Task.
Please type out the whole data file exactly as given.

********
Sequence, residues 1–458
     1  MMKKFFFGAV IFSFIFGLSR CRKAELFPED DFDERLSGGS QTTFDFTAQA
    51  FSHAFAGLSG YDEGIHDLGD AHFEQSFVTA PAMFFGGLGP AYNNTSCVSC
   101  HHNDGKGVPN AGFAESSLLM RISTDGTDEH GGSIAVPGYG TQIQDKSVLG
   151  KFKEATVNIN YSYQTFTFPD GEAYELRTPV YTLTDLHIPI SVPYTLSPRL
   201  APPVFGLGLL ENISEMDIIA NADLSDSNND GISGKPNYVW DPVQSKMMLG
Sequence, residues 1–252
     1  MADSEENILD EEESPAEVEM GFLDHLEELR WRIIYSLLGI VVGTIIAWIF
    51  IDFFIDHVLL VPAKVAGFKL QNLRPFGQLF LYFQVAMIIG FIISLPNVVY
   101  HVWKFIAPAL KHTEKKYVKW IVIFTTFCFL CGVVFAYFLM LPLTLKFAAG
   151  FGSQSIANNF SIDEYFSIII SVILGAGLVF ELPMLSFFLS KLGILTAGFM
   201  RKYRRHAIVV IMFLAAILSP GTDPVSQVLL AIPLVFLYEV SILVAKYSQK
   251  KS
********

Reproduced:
Sequence, residues 1–458
     1  MMKKFFFGAV IFSFIFGLSR CRKAELFPED DFDERLSGGS QTTFDFTAQA
    51  FSHAFAGLSG YDEGIHDLGD AHFEQSFVTA PAMFFGGLGP AYNNTSCVSC
   101  HHNDGKGVPN AGFAESSLLM RISTDGTDEH GGSIAVPGYG TQIQDKSVLG
   151  KFKEATVNIN YSYQTFTFPD GEAYELRTPV YTLTDLHIPI SVPYTLSPRL
   201  APPVFGLGLL ENISEMDIIA NADLSDSNND GISGKPNYVW DPVQSKMMLG
Sequence, residues 1–252
     1  MADSEENILD EEESPAEVEM GFLDHLEELR WRIIYSLLGI VVGTIIAWIF
    51  IDFFIDHVLL VPAKVAGFKL QNLRPFGQLF LYFQVAMIIG FIISLPNVVY
   101  HVWKFIAPAL KHTEKKYVKW IVIFTTFCFL CGVVFAYFLM LPLTLKFAAG
   151  FGSQSIANNF SIDEYFSIII SVILGAGLVF ELPMLSFFLS KLGILTAGFM
   201  RKYRRHAIVV IMFLAAILSP GTDPVSQVLL AIPLVFLYEV SILVAKYSQK
   251  KS